Israeli Opposition Slams Planned Netanyahu Speech to Congress

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Israeli Prime Minister Benjamin Netanyahu speaks during a press conference at the Israeli Museum in Jerusalem, on December 17, 2014.

GIL COHEN MAGEN/AFP/Getty Images

Israeli opposition lawmakers criticized Prime Minister Benjamin Netanyahu’s plan to address a joint session of the U.S. Congress on March 3, calling it a blatant political move at the height of Israel’s general election campaign.

U.S. House Speaker John Boehner said Wednesday he didn’t consult with President Barack Obama before inviting Netanyahu to address lawmakers. White House spokesman Josh Earnest said Boehner’s invitation “seems to be a departure” from usual diplomatic protocol, and a State Department spokeswoman called the episode “bizarre.”

Netanyahu and Obama have been at loggerheads over peacemaking with the Palestinians and containing Iran’s nuclear program. The Israeli leader has found support for his positions from the Republican-controlled Congress, including his call to strengthen diplomatic and economic sanctions against Iran.

Netanyahu “is attempting to infiltrate enemy territory” in Washington by using Congress to bypass the White House, Israeli lawmaker Nachman Shai of the opposition Labor Party said Thursday on Israel Radio. Shai said that Israel’s Ambassador to Washington Ron Dermer led the process that produced the invitation, and that Netanyahu was “trampling on the framework of our relations with the U.S.” for domestic political gain ahead of a general election scheduled for March 17.

Date Changed

Boehner said Thursday on his Twitter feed that the speech was moved from Feb. 11 to March 3 so that Netanyahu could attend the annual conference of the American Israel Public Affairs Committee that week in Washington.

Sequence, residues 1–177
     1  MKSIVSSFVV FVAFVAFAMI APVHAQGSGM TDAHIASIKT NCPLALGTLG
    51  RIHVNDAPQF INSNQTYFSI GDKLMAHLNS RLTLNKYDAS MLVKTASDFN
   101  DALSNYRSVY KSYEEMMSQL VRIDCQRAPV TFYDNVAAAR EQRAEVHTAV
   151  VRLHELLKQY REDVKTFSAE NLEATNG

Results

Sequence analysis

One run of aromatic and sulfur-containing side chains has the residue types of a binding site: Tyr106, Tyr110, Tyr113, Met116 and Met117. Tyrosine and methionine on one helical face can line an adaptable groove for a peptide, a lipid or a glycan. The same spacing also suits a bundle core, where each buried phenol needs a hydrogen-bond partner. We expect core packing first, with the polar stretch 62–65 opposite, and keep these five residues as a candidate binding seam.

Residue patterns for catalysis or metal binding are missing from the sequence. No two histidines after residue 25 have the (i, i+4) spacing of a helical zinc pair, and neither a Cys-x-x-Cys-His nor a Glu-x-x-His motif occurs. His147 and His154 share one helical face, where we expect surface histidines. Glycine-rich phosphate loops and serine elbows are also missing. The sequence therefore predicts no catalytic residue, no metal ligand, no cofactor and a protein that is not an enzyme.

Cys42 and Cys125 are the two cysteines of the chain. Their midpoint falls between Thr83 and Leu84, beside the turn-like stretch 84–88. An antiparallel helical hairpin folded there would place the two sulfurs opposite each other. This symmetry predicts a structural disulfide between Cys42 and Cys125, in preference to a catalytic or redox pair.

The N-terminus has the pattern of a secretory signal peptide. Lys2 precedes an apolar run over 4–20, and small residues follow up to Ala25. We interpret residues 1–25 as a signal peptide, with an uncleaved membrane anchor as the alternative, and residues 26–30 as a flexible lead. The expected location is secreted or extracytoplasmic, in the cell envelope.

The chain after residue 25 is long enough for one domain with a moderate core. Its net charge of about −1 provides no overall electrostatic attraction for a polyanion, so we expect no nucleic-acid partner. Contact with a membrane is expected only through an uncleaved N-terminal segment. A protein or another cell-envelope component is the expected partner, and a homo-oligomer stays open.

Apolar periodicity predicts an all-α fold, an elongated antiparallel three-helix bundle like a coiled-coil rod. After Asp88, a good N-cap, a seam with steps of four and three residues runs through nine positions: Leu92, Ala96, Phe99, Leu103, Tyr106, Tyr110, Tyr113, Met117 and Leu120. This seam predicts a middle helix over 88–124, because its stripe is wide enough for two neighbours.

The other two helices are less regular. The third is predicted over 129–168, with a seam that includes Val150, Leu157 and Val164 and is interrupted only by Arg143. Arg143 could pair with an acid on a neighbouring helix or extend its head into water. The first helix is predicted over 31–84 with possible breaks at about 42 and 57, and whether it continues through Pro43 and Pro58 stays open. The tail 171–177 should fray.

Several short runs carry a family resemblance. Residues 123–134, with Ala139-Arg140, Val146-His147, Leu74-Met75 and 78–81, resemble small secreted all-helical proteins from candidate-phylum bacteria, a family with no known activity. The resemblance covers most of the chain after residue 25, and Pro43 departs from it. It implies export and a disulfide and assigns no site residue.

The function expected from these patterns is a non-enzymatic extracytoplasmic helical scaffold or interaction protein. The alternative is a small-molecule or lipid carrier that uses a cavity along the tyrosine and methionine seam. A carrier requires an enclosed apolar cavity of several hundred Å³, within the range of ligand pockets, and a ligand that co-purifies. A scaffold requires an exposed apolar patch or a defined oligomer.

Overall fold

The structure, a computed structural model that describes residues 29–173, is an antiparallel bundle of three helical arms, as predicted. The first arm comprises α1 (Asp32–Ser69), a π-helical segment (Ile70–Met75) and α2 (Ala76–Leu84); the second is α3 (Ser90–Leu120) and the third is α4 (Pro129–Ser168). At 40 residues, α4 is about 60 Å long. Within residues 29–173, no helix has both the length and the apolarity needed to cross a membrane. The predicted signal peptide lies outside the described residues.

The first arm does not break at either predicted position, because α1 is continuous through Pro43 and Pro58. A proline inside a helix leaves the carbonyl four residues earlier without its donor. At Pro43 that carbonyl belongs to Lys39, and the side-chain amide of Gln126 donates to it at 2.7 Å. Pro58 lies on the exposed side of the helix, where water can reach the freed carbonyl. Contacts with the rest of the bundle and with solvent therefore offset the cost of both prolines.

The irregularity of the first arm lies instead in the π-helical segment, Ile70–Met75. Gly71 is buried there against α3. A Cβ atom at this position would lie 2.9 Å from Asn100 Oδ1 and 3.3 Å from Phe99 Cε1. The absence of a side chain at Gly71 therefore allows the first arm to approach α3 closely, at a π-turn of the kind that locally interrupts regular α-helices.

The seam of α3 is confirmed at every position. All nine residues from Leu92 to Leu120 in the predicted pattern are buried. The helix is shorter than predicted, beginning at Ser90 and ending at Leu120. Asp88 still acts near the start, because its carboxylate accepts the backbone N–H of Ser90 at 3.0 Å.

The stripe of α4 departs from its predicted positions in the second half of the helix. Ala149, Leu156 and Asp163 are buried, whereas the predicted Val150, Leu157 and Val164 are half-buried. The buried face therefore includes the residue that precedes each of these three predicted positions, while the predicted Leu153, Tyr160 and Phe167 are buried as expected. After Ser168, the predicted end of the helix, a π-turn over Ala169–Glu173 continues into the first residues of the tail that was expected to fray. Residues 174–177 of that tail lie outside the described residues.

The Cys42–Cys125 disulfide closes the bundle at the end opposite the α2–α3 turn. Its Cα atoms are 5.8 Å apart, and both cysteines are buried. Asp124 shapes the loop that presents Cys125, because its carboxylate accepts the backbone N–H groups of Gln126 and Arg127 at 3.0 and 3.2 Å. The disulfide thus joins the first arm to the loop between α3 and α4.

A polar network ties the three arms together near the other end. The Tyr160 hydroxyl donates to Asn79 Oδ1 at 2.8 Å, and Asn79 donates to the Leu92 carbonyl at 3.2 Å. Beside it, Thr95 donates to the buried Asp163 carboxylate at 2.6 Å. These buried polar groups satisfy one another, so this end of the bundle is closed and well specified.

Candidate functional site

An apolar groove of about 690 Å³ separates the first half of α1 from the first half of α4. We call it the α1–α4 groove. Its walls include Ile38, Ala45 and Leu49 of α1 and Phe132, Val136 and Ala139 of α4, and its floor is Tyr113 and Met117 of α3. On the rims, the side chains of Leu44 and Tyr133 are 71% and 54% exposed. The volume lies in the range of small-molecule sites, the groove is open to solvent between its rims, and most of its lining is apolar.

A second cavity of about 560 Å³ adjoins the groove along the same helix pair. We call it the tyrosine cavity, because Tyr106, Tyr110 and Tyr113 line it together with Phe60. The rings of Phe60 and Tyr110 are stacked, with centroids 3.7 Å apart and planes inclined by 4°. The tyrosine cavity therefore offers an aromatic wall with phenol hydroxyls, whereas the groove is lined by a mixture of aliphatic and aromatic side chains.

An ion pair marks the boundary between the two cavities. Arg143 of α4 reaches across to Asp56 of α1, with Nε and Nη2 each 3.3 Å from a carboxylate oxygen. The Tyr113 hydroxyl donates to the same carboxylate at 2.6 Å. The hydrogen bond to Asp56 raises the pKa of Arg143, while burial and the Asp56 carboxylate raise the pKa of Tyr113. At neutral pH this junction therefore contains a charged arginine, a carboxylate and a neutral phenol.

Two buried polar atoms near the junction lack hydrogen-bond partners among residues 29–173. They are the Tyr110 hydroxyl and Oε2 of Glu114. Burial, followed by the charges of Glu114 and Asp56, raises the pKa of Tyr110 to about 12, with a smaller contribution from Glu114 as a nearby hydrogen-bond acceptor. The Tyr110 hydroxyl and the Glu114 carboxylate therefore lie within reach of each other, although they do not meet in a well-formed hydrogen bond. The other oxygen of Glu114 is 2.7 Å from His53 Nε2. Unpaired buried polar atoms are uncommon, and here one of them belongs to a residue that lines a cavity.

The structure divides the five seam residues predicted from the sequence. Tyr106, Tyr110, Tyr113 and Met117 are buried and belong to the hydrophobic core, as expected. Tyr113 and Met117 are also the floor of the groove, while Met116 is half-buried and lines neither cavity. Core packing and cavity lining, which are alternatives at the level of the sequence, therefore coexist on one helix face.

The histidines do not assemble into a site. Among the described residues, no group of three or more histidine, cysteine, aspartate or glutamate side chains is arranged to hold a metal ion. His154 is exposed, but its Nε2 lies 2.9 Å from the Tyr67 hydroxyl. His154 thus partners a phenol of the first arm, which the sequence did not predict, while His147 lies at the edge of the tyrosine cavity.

The change of date may ease some of the tensions in Washington over Netanyahu and Boehner planning the appearance while leaving the Obama White House out of the initial discussions. State Department spokeswoman Jen Psaki said on CNN on Wednesday that “it was a bit of an episode of the bizarre today seeing all of this unfold.”

Netanyahu has regularly addressed the American Israel Public Affairs Committee, the largest pro-Israel lobbying group in the U.S., either in person or by video link.

In a statement from his press office, Netanyahu said he was honored to accept Boehner’s invitation, “which reflects the special friendship shared by Israel and the United States as well as the strong bipartisan support for Israel across America. Just last week I discussed with President Obama the common challenges we face from Islamist extremism, including resurgent terrorism and Iran’s pursuit of nuclear weapons.”

Obama Meeting

“I look forward to being able to share with the joint session Israel’s vision for working together to address these threats and to reiterate Israel’s commitment to the bond that unites our two democracies,” he said.

A possible meeting between Netanyahu and Obama during the prime minister’s visit to Washington is being looked into, according to an Israeli official who wasn’t authorized to speak on the record.

In Israel, scheduling the speech in March may add to a debate over domestic politics by moving it closer to the elections.

The opposition Meretz Party said it would file a complaint with the Central Elections Committee demanding that it prohibit Israeli television and radio stations from broadcasting Netanyahu’s congressional address. “This is a blatant violation of campaign laws,” Meretz spokeswoman Aya Mizrachi said by phone.

Sanctions Legislation

Boehner’s announcement of his invitation to Netanyahu came hours after Obama said in his annual State of the Union address that he would veto any bill that increases sanctions on Iran. Obama said such legislation could threaten progress in international talks aimed at curbing the Islamic Republic’s nuclear ambitions. Netanyahu has called for more penalties on Iran, saying its nuclear program is designed to make weapons that pose an existential threat to Israel.

“The invitation to speak in Congress, including the date set, was an American initiative,” Ofer Akunis, a deputy minister in the prime minister’s office and close political ally of Netanyahu, told Israel Radio. “It’s the prime minister’s right to stand by his positions -- as it is of President Obama - - and we think differently about how to deal with Iran.”

The speech will be Netanyahu’s third address to a joint session of Congress, following previous appearances in July 1996 and May 2011.

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